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Thursday, January 27, 2022

MP Abhishek Manu Singhvi withdraws query he took up as lawyer

🔴 The Indian Express had reported that Singhvi, in his capacity as advocate, appeared before Karnataka HC for a petitioner company which has challenged the Constitutional validity of the Act that bans all online gambling and betting.

Written by Liz Mathew | New Delhi |
Updated: December 16, 2021 7:28:44 am
Abhishek Manu Singhvi, Abhishek Manu Singhvi news, betting and online gaming, online betting, Gameskraft Technologies, Karnataka High Court, Indian Express, India news, current affairs, Indian Express News Service, Express News Service, Express News, Indian Express India NewsAbhishek Manu Singhvi had argued that there is a distinction between a game of chance and a game of skill. (File)

Congress MP Abhishek Manu Singhvi has withdrawn a question listed against his name in Rajya Sabha on government policy on betting and online gaming, a matter he has been involved in as a lawyer.

Sources said Singhvi has withdrawn the starred question listed for Thursday.

On December 13, The Indian Express reported that Singhvi, in his capacity as a senior advocate, appeared before the Karnataka High Court for a petitioner company which has challenged the Constitutional validity of the Karnataka Police (Amendment) Act 2021 that bans all online gambling and betting. He argued that there is a distinction  between a game of chance and a game of skill.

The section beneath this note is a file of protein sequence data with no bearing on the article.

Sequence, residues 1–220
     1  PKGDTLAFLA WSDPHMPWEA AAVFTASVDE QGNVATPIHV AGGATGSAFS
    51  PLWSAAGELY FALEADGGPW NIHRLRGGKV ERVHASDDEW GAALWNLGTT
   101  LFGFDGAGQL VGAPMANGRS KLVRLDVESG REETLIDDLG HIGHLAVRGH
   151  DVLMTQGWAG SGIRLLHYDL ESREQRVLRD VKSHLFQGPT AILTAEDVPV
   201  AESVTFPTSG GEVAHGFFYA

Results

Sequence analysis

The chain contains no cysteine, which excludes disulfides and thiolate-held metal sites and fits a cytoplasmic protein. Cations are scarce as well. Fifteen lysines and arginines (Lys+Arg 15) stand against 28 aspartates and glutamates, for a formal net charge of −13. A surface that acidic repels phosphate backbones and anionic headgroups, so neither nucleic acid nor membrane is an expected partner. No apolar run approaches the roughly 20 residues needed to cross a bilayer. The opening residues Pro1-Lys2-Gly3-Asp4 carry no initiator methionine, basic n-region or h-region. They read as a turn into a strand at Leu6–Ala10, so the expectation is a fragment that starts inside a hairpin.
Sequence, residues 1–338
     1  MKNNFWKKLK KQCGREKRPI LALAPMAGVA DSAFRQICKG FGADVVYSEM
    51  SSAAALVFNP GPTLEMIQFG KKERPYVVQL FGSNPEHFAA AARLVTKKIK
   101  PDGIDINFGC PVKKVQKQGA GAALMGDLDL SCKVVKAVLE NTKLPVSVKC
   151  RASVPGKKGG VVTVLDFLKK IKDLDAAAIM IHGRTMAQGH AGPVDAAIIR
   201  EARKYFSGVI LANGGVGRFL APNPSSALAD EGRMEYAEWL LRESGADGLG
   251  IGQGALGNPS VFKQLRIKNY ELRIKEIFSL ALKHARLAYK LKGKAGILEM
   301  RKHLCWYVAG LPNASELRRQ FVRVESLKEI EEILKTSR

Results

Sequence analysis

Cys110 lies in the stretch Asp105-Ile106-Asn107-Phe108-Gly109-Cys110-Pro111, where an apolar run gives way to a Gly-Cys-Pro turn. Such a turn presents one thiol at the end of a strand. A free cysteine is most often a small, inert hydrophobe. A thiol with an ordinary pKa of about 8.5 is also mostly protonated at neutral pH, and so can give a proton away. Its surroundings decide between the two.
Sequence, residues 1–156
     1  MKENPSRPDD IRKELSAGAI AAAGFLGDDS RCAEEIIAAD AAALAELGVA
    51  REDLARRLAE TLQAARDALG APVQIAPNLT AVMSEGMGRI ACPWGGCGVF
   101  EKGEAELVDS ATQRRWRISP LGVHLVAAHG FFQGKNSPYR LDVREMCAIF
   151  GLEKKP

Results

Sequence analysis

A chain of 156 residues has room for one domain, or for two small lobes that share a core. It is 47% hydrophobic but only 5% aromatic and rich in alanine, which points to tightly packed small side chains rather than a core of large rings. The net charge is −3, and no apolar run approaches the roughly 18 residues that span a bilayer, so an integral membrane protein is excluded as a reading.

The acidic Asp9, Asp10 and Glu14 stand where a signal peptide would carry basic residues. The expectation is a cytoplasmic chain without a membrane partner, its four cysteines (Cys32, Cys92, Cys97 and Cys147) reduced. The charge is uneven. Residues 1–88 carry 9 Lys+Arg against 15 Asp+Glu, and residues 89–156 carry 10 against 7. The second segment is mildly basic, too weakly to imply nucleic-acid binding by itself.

As MP, Singhvi had a starred question — it requires an oral answer on the floor of the House — listed against his name for December 16 on the same issue. He wanted the Information and Broadcasting Ministry to state: A. The details of advisory issued by the Ministry on advertisements on fantasy sports; B. The reasons for not making any differentiation between games of skills and games of chance in it; C. The policy position of the Ministry on these categories.

Singhvi, who appeared for Gameskraft Technologies Pvt Ltd in the All India Gaming Federation vs State of Karnataka case before the High Court on November 11, denied any conflict of interest. “I have given seven reasons earlier, each of which I reiterate without repetition, which show there was absolutely no conflict of interests, either in fact or intended or remotely thought of. I repeat them herein without restating them. Nevertheless, to obviate attempts to sensationalise or distort, I thought it fit to withdraw the question in question. Nothing more nothing less,” he told The Indian Express. He had said he had appeared for online rummy operators on legal points of games of skills versus games of chance for more than eight years in the Supreme Court and different High Courts.

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